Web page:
courtesy of Naxos of America
Fate has not been particularly kind to several of the compositions of Modest Mussorgsky. His best-known work is probably his piano suite Pictures at an Exhibition, but that music did not begin to rise to popular status until after it had been orchestrated by Maurice Ravel. Even during Mussorgsky’s lifetime, his instrumental scores were subjected to tinkering by Nikolai Rimsky-Korsakov. Furthermore, “Night on Bald Mountain,” probably the best known of those scores, was not published until 1886, five years after the composer’s death, after Rimsky-Korsakov arranged the source manuscript to “repair” it. (It was the Rimsky-Korsakov version that became popular after it was included in the program for Fantasia.)
The same can be said for Mussorgsky’s only completed opera, Boris Godunov. His source was a “closet drama” (i.e. intended for reading, rather than staging) by Alexander Pushkin in 25 scenes, which Mussorgsky excerpted into seven scenes. His initial version, completed in 1869, was rejected, because it lacked any platform for a virtuoso soprano performance. (The only high voices are those of children.) A reworked version was completed in 1874; but, again, Rimsky-Korsakov had a hand in how the opera came to be performed. He reworked the orchestration in 1896 and revised the whole score in 1908.
As a result, Mussorgsky has acquired a reputation of having good ideas without the skill to follow up on them. However, when his original “Night on Bald Mountain” was recorded towards the end of the last century, serious listeners began to appreciate that this was a composer ahead of his time, whose reputation had to suffer from Rimsky-Korsakov’s efforts to pull it “back where it belongs.” Around the time of the “Night on Bald Mountain” discovery, a movement emerged to go back to the 1869 version of Boris Godunov. I remember seeing that version at the Metropolitan Opera back in the Eighties. I found the experience to be more intense than I had anticipated, as much for the reduced number of scenes as for the rawer qualities of the sonorities.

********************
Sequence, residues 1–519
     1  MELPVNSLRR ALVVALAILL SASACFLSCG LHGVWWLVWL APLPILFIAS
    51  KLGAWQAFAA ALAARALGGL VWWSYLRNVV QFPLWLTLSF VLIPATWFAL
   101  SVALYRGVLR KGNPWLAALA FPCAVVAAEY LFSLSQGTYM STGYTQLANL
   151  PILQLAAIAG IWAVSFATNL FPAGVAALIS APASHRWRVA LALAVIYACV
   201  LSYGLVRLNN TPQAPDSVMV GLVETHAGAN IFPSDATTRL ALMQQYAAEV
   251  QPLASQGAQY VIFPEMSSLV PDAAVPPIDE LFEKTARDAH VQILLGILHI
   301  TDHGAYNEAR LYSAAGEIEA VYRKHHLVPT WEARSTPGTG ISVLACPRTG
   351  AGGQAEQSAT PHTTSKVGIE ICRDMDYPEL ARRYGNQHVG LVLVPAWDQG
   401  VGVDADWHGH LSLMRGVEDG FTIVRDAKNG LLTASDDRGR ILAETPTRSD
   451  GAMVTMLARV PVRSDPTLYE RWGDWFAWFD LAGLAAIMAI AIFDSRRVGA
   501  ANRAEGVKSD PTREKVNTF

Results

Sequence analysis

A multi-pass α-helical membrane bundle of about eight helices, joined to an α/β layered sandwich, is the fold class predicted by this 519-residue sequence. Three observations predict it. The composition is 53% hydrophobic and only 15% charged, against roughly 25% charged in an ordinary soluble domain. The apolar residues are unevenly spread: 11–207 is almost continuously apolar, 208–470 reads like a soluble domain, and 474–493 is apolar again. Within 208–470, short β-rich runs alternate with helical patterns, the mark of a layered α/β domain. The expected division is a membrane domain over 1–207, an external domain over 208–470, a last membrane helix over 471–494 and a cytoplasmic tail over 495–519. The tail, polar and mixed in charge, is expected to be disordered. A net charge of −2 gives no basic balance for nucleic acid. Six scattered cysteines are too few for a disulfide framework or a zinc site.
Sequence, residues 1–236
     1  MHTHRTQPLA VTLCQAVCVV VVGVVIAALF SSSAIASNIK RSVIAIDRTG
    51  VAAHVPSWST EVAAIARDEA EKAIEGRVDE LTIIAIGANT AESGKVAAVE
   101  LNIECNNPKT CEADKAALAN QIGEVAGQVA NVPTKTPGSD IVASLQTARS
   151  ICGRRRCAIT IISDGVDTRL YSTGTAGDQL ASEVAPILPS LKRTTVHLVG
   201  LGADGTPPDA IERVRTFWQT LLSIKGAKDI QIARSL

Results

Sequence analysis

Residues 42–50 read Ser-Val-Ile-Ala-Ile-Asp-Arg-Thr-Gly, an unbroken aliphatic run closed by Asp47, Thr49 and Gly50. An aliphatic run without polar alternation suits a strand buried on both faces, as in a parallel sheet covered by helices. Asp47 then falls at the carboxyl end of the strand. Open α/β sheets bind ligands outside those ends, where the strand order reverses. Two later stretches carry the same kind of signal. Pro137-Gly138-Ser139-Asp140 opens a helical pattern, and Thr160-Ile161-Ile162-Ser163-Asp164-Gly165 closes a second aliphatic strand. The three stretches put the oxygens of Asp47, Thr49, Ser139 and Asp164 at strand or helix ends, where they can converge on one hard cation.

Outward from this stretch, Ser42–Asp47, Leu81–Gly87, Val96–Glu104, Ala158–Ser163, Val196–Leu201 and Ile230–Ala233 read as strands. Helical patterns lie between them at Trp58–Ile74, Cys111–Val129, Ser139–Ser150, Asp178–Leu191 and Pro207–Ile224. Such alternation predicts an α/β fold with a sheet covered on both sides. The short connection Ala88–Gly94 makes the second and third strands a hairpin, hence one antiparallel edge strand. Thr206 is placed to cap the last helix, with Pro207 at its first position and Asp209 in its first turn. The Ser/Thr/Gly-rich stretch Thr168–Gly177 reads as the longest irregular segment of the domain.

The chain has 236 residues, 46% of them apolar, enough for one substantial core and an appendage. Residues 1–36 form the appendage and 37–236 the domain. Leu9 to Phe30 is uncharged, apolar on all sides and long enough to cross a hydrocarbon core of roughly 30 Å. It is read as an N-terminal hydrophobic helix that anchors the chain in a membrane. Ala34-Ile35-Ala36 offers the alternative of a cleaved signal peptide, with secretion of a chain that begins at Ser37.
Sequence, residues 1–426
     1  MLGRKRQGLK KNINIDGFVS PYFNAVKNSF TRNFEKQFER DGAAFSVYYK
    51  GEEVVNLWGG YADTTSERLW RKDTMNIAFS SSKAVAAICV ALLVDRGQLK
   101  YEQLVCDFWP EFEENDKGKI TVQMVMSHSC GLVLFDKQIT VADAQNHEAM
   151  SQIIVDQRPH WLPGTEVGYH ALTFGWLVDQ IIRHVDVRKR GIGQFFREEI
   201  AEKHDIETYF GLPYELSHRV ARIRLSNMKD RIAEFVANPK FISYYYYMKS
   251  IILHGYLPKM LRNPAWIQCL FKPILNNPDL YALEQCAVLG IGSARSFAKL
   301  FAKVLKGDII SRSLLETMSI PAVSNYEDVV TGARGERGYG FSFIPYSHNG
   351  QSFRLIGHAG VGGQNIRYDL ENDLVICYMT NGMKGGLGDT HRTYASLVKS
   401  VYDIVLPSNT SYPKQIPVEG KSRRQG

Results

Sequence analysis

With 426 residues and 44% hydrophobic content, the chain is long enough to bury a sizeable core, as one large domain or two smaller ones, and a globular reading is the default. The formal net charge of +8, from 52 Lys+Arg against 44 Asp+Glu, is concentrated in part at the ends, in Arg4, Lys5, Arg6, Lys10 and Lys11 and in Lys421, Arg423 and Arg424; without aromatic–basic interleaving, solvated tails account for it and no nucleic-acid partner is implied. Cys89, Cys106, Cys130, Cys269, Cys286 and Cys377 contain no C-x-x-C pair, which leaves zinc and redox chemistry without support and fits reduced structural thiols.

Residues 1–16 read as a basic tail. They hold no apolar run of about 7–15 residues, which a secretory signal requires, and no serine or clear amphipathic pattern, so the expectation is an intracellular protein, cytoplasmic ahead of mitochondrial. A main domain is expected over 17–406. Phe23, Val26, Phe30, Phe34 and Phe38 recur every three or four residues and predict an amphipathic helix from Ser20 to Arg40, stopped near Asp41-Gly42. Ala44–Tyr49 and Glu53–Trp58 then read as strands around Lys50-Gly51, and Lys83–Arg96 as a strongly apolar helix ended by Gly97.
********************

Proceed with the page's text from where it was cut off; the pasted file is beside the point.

About a month ago, BIS Records released a recording of that 1869 version. The conductor is Kent Nagano (whom I associate with several innovative opera projects, all of which seem to take place in Europe), leading the Gothenburg Symphony Orchestra, along with the Göteborg Opera Chorus and the children of the Brunnsbo Music Classes. The title role is sung by Alexander Tsymbalyuk, complemented by Sergei Skorokhodov in the role of the monk Grigory, who fashions himself as pretender to the Russian throne.
Nagano clearly appreciated that there were no “problems” in Mussorgsky’s score that required “remedies.” The libretto, in turn, is more like a series of stained glass windows, episodes extracted from a richer narrative that assume their own logic when performed in their stated order. This “excerpted” approach to Pushkin’s source is thus as much a “closet drama” as the original. Nevertheless, the Metropolitan Opera made a convincing case that those seven episodes could be staged with an overall sense of dramatic coherence. Mussorgsky’s music does much to facilitate the listener’s grasp of that coherence.
We thus have the advantage of a conductor willing to take the composer on his own terms, and there is much to be gained from listening to the merits of that advantage.